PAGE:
Comments about ‘In our opinion: It's déjà vu all over again with national fiscal policy’

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Published: Sunday, May 27 2012 12:00 a.m. MDT

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Farmington, UT

I could not agree more. I'm certain Utahns are not the only ones frustrated by this incredibly irresponsible Senate. We can only hope that voters across the country do not re-elect the same crew that got us here. Every senator who, under the guise of securing "projects" and jobs for his or her home state, is spending us into oblivion needs to be called back home. I don't care how "conservative" they claim to be. If they are staying in office by touting everything they have done or will do for constituents, ask yourself this: how do they land those home-state "goodies"? It's not rocket science. They score these deals by promising similar projects to all their colleagues in other states. This never-ending multiplier of costly projects will not cease until we change our representation in Washington. And yes Senator Hatch, I'm talking about you!

Kearns, UT

Nothing can pass the Senate without 66 votes due to the rise in filibusters since the 2008 election.

Of course the majority of the House can pass legislation that most don't like when a majority of the seats is held by a single party.

From more than 50 years of research, we have found that when taxes are lowered, unemployment goes up as the economy goes down. When taxes go up, the economy goes up and unemployment goes down.

Just look at history, when we had the highest tax rates in the last 30 years, unemployment was averaging 4%. When taxes were lowered, unemployment slowly increased. As unemployment increases, bubbles start to pop. As can be seen in our most recent recession and in the recession of the 90's and 80's. This also can be shown with the Great Depression of the late 20's early 30's.

The USA is most prosperous when everyone pays taxes at a higher rate than today. Looking at the numbers, a 10% increase in the current tax levels for all incomes would lower unemployment by 3% with almost no new government jobs as the rich build tax shelters in employment.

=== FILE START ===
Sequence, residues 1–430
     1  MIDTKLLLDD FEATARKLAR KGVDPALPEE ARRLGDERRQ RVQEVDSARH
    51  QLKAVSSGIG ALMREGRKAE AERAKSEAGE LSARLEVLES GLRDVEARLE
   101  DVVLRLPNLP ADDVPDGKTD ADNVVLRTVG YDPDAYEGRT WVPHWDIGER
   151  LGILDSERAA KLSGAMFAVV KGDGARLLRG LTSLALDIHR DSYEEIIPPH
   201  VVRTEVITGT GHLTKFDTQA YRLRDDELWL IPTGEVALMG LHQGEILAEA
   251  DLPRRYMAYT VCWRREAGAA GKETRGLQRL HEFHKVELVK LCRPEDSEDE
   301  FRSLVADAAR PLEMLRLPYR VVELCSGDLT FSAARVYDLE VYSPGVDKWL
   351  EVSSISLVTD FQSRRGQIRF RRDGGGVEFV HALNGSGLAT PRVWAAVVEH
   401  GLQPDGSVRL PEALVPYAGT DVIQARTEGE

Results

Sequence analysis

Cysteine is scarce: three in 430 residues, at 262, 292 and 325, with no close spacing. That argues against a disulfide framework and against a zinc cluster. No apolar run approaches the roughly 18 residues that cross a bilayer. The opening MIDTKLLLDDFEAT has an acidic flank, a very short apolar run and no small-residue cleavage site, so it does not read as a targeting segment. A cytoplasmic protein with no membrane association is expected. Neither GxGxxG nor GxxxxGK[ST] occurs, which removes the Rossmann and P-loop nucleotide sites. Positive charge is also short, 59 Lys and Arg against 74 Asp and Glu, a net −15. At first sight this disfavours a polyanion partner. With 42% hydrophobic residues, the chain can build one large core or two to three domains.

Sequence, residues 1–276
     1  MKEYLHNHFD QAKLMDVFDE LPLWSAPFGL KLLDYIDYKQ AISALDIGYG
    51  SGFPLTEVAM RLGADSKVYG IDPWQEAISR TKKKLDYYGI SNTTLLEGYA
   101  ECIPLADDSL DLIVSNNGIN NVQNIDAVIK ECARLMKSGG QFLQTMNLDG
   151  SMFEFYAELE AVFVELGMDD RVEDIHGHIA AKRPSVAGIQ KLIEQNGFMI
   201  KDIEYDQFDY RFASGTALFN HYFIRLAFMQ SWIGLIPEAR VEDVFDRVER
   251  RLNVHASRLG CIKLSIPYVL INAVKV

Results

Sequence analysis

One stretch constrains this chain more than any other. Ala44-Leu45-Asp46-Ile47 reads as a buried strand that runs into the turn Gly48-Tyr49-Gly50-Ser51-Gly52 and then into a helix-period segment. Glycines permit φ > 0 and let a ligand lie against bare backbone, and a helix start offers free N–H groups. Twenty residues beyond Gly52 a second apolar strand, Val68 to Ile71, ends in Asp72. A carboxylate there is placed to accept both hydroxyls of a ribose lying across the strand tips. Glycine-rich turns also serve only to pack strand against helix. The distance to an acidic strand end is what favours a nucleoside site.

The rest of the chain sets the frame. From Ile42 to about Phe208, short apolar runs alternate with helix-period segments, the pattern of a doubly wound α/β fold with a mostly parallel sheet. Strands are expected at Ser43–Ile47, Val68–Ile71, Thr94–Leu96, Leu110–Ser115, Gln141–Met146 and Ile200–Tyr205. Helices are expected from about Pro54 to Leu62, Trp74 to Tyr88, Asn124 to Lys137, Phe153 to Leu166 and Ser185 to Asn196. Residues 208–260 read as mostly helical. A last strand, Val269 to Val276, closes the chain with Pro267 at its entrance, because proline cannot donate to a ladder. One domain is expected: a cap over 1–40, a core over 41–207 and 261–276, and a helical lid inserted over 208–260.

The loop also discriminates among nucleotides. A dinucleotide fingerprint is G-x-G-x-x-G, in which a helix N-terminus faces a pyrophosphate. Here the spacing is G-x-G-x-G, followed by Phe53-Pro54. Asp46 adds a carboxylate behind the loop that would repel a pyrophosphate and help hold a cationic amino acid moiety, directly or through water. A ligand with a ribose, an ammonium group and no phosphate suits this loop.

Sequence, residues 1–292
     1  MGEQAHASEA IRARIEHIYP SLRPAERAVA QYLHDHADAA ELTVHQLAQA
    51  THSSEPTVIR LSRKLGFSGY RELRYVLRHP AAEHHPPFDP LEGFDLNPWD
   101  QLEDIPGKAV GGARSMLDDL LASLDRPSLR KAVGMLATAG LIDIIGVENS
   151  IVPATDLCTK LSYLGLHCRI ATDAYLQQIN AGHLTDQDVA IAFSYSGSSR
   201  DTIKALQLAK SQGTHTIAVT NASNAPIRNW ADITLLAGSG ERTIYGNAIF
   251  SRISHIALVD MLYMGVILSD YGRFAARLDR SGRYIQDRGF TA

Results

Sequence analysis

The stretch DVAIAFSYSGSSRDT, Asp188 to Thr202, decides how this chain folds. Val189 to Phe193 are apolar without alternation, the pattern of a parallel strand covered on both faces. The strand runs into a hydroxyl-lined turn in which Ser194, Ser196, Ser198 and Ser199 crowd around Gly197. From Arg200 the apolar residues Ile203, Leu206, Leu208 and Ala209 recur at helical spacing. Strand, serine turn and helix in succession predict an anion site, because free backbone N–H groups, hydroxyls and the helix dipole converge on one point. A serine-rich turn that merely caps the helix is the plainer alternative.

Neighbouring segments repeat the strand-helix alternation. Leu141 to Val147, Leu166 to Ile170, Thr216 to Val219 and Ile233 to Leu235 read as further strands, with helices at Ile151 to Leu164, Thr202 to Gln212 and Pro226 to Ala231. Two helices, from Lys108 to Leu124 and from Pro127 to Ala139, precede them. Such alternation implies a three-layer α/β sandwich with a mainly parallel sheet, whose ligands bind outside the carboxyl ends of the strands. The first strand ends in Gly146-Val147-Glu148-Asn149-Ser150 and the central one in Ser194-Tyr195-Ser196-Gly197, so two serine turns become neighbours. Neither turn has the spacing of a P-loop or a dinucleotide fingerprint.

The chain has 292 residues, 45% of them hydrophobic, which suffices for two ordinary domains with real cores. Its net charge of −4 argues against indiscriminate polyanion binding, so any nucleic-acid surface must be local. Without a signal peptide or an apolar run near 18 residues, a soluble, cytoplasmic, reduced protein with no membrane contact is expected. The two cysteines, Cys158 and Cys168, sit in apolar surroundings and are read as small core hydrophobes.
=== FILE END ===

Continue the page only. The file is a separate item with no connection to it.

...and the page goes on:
DN Subscriber
Cottonwood Heights, UT

Stop the spending!

salt lake city, utah

Ok, the Republican budget is partisan, austere, plutocratic, draconian, extreme and oh yes, adds billions to the deficit. Having a majority in congress means nothing DN..you have to have 60 in the Senate or nothing goes through. The Super majority has been around for a long time, but not like this. It takes 60 votes to order lunch now. By the way the President offered 3 to one budget cuts to revenue increases and the House summarialy turned it down. The Republican candidates for President openly and proudly said they would veto a 10 to 1 budget cuts to revenue increase. How, oh how do you propose a serious conversation take place in that envirnoment?

Springville, UT

Republicans now calling for another tax cut with the deficit like it is is sheer insanity. Your pandering to the Ryan plan, with no judgment on its content and effect, is appalling! The Republicans will not deal, so is it any wonder little gets done? Ask yourself what is the end game for the Republicans. They want even more tax cuts, want to cut programs for the poor, refuse to cut programs for the rich, won't allow reductions to subsidies for profitable corporations, want preferential tax rates for passive investment income including foreign, and so on. What does that tell you? Come on, Deseret News, wake up!

Simple Man
Riverton, UT

Can you imagine a top business not having a multi-year budget that balances income with expenses? It would only take a few years before it found itself in bankrupty proceedings.

Yet too many politicians brush this important responsibility aside because addressing it in a seriours manner threatens their political careers. Where is the integrity in this?

Draper, UT

Deja vu is a contradiction in terms when you're still experiencing the nightmare. The economic meltdown continues on its devastating course. Not to minimize the absurdity of our national debt and the lack of a budget--but the meltdown is global. It all hinges on the reserve status of the US dollar--the world's currency. Foreign nations are turning away from the dollar. Other nations where huge amounts of US dollars are tied up are going into default. When the dollar goes, interest rates will escalate, and bond prices will collapse. All those who sought safety in US Treasuries will be wiped out.

None of these such outcomes are a part of the public debate, which continues to be about the arrangement of deck chairs on a Titanic that's already run aground.

Salt Lake City, UT

Finally, an article that points out the failure of the Senate-truly, the ultimate in "do nothing" leadership. Thanks!!!!!!

La Verkin, UT

As with any individual or family that finds itself in financial difficulty, we must either stop spending on that which is not absolutely necessary, increase our income or a combination of both. Instead of the government working harder and longer hours to address the problem they have created, they want us to work harder and longer to pay them more taxes. I know it is hard to stop buying what you want. I've had to do it. However, we must if our integrity as a nation is to survive. The only other option (and it is dishonest) is what we are doing now. Our government is stealing to support their habit. It is not just stealing from us, but by adding more and more debt, it is stealing from our children and grandchildren. This problem will not go away until we make the hard choices. If our political parties do not have the will to do it, we need to elect those who will not go along with party politics - third party or independent representatives that will do the right thing, even if it is hard. The parties are the problem. Let's vote them out.